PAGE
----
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    • Rookie Michael Shepherd (8/20/2005 7:29:00 AM) Post reply

      Further research suggests that the 'New Generation' poets tend to be performers of their own poetry - which means that a certain slackness in the language can be covered by the performance. It does su ... more

    • Rookie Michael Shepherd (8/19/2005 5:41:00 PM) Post reply

      Omygod she RHYMES... well that's put paid to any chance of fame in the US this last fifty years...oh she's made it to the PH 500 list years ago...yes but with what? a neatly turned standard 'bloody me ... more

  • Rookie - 150 Points Poetry Hound (8/18/2005 11:35:00 PM) Post reply | Read 4 replies

    The thing I admire most about Amberlee Carter's poetry is the seeming effortlessness of her original imagery. Sometimes I read a poem by someone and admire it although I think the images, while original, are ponderous or forced or too self-conscious. Amberlee's images fit right into the flow. They seem effortless

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    • Rookie - 150 Points Max Reif (8/19/2005 6:35:00 PM) Post reply

      I've enjoyed some of Amberlee's poems. I've found some stunning things in them. At least, they stunned me.

    • Rookie - 150 Points Gol Mcadam (8/19/2005 1:31:00 PM) Post reply

      Amberlee is a young person with a poetic turn of phrase. I agree with Michael, she could have the makings of a good poet but maturity will be the key here.

    • Rookie - 150 Points Michael Shepherd (8/19/2005 12:50:00 PM) Post reply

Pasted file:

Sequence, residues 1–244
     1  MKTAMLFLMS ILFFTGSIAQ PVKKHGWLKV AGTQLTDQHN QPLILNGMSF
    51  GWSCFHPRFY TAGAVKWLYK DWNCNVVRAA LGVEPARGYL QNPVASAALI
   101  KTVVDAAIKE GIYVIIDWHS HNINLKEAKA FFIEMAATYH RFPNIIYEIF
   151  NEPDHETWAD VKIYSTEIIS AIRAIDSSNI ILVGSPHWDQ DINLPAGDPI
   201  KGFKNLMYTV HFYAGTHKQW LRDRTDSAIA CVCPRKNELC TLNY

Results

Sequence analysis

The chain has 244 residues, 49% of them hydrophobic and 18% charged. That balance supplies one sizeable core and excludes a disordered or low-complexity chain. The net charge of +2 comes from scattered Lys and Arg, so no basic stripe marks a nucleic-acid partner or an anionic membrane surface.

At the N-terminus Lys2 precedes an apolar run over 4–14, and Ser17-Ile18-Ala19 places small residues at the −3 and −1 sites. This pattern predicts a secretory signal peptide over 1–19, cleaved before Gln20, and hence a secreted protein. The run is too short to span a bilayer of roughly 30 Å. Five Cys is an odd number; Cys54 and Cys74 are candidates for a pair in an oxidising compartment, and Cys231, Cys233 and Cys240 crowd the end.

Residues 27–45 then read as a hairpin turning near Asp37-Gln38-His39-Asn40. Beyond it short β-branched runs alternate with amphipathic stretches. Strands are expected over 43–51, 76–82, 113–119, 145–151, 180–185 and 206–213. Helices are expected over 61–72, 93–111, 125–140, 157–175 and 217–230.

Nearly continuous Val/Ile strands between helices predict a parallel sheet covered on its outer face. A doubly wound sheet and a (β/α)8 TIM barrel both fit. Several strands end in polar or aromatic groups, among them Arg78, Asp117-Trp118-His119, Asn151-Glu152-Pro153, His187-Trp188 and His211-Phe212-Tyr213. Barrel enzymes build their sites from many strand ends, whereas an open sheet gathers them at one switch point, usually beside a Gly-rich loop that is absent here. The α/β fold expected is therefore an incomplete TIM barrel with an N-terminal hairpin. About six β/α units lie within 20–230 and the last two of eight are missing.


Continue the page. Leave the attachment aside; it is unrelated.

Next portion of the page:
I had stopped reading Amberlee, feeling that her poetry was all about Amberlee and love, and more for her own age-group to appreciate; but reading 'Swing-Sets' I feel that there's the making of a genu ... more

    • Rookie - 150 Points Poetry Hound (8/19/2005 11:58:00 AM) Post reply

      Well, that's interesting. I wasn't reall ... more

  • Rookie allan james saywell (8/18/2005 4:23:00 PM) Post reply


  • Rookie Michael Shepherd (8/18/2005 4:03:00 PM) Post reply

    Dear sinners against the fair name of Poetry -

    two things:

    a) there's a facility on the Home Page for telling PH it's too slow;

    b) you can make yourself an Adobe e-book so that your poems don't disappear into cyberspace forever like happened last year.

    and -take care out there!

  • Rookie Pradeep Dhavakumar (8/18/2005 4:03:00 PM) Post reply | Read 4 replies

    Hi All,

    I have two questions on which I need your guidance/suggestions.

    1) On forced rhymes: Apart from sentence inversion what else is forced rhyme? I understand something like uncommon paring of words like I revolved is considered forced, but I revolved still does make sense. And I don’t understand why a creative medium like poetry is disallowed to create new pairs. And also what is forced for one may not be forced for another. In that case there is no CLEAR definition for forced rhyme. Am I right in my understanding?

    2) About the tense: When you write about the past, what is the best tense to write in? Could I write about the past in present tense without giving a clue to the reader that it is about the past? Like can I write now, I sit on my mother’s lap listening to the brave adventures of Tarzan. In what tense are childhood/past poems normally done?


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    • Rookie Herbert Nehrlich1 (8/19/2005 6:53:00 AM) Post reply | Read 1 reply

      Even partial sentence inversion is acceptable if 'supported' by its 'justification', say an especially funny line or similar.I think you are correct that there can not be a clear definition, it all co ... more

    • Rookie Michael Shepherd (8/18/2005 4:38:00 PM) Post reply | Read 1 reply

      On past tenses: so few children in some countries (Britain and Argentina for a start) are actually taught grammar rather than usage these days, that ESL teachers find themselves having to waste much t ... more